By Ernie McCray
Maria and I just got back from San Francisco, my favorite city on the globe, and as far as road trips go, this one was as pleasant as it gets.
The weather was like a gift from Mother Nature herself, an absolute delight, so warm and embracing, featuring cool breezes in the late afternoons and at night.
The trip got underway on the 805, at Governor Drive, then came the merge with I-5, just an hour or so away from the 405, which drops down to the 101 which takes you to Highway 1 for the real fun: a drive alongside the ocean and on cliffs high above it, privy to jaw-dropping views that exhilarate your very soul, your spirituality.
That highway always opens me up to seeing the sheer beauty in both the mundane and the sublime: a sunny smile on a waitress’ brown face at a Denny’s in Camarillo; a sizable bird stretching his enormous wings, in a seductive estuary, as a yellow sunset morphs into a soft pink and blue sky. Makes you walk away singing “My, my, my …”
Oh, such a natural high… We stopped a little shy of Highway 1, in Oceano, where we hung out, for a couple of days, with our dear friend, Suzanne, talking about books and politics and the like and laughing a lot. To keep from crying, I guess, in a world, where a man with silly hair and devilish ideas can lead his party’s political race.
We hiked outside Suzanne’s “Co-Op Housing” community through meticulously cultivated celery, cabbage, and strawberry fields on a path that leads to the ocean, like a scene in a magnificent dream.
Then we were on the road again. On 1, at last. Heading to a campground in San Simeon, where we slept without a tent under stars that stretched endlessly in the blackness of the night. I always camp completely in the open like that but it was Maria’s first time sleeping so exposed.
She liked it, though. But, in the future, I don’t think “to tent or not to tent” will be the question. Anybody got a tent for sale?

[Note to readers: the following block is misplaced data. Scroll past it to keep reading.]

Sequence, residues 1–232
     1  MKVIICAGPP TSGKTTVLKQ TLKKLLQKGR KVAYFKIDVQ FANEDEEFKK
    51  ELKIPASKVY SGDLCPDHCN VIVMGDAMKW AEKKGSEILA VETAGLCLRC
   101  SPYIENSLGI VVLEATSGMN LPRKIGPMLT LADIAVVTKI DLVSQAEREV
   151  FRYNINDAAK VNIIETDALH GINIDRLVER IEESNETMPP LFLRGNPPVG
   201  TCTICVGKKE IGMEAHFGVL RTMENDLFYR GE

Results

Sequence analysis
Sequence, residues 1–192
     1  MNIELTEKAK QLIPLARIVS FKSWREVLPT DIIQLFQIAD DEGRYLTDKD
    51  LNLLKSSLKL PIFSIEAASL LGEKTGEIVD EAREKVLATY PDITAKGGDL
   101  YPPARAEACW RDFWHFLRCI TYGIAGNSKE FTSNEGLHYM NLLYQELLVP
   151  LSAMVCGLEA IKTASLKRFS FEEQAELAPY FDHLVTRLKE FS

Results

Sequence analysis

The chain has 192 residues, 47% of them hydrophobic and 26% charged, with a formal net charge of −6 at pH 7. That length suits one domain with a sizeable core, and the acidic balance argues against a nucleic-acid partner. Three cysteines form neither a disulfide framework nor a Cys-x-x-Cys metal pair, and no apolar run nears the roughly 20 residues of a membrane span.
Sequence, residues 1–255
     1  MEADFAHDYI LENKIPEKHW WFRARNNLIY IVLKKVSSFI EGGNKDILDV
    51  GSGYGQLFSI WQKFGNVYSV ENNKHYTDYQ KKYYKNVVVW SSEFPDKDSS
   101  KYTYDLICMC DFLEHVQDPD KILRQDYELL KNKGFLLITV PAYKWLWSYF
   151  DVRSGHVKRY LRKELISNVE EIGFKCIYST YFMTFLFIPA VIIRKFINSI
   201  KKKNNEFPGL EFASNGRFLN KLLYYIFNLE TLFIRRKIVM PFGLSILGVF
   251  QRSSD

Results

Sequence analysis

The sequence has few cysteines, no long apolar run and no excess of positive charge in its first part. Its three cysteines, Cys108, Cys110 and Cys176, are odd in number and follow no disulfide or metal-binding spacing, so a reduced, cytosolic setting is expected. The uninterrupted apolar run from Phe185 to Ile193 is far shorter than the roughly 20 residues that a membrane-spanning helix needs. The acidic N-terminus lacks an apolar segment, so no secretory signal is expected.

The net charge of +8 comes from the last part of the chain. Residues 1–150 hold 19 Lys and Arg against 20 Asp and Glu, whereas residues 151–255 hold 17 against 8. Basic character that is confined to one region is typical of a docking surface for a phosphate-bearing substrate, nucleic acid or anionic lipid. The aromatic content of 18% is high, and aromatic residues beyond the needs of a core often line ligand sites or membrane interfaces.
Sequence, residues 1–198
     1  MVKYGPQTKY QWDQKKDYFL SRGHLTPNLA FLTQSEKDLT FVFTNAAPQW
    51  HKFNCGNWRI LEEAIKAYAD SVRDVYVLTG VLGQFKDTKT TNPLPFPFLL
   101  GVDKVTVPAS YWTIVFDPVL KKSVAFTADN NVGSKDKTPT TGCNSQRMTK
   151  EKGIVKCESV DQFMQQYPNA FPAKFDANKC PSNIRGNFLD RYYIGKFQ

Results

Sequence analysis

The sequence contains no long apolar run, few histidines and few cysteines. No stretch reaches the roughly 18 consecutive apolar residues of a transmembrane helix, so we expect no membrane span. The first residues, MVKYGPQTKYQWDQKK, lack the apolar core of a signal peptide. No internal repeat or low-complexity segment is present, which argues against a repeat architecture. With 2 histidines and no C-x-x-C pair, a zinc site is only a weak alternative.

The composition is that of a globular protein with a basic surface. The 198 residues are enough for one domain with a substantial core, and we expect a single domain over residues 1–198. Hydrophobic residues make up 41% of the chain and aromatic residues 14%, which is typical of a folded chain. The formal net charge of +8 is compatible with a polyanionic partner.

The next day we got going again under a heaven that was both hazy and blue, high above an ocean that changed its colors alternately from blue to gray to turquoise like some giant watery chameleon.
Our destination: Big Sur State Park. We got in a nice hike right away in the redwoods while our room was being prepared at the Big Sur Lodge.
The next day began with a tasty breakfast at Nepenthe and ended with a delectable four course meal at Sierra Mar, listed as one of the 40 places where one should dine before they die. And, on that subject, the ocean views at both restaurants were truly to die for, with jazz in the background, in sterling surround sound, that was not too funky or too groovy, but mellow and soothing.
We squeezed in a visit to the Henry Miller Library with its collection of bohemian and metaphysical and erotic and thought provoking books that reflect his “to heck with literary conventions” style of writing.
We didn’t want to leave Big Sur but, after two days, we got back on the 1 and leaned into curves that would lower us down to sea level, stopping for breakfast at the Santa Cruz Diner, eating amongst some of the most colorful people one could ever see, locals of all stripes and varieties. Santa Cruz’s easy going atmosphere always lifts my spirit high.